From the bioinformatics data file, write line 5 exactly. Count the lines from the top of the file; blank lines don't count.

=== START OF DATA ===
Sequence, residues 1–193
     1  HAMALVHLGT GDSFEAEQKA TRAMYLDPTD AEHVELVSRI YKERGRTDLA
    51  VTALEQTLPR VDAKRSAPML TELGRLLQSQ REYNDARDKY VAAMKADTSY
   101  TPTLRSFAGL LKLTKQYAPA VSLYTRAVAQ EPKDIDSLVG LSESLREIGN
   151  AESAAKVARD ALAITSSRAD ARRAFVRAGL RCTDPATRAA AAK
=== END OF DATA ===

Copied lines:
   151  AESAAKVARD ALAITSSRAD ARRAFVRAGL RCTDPATRAA AAK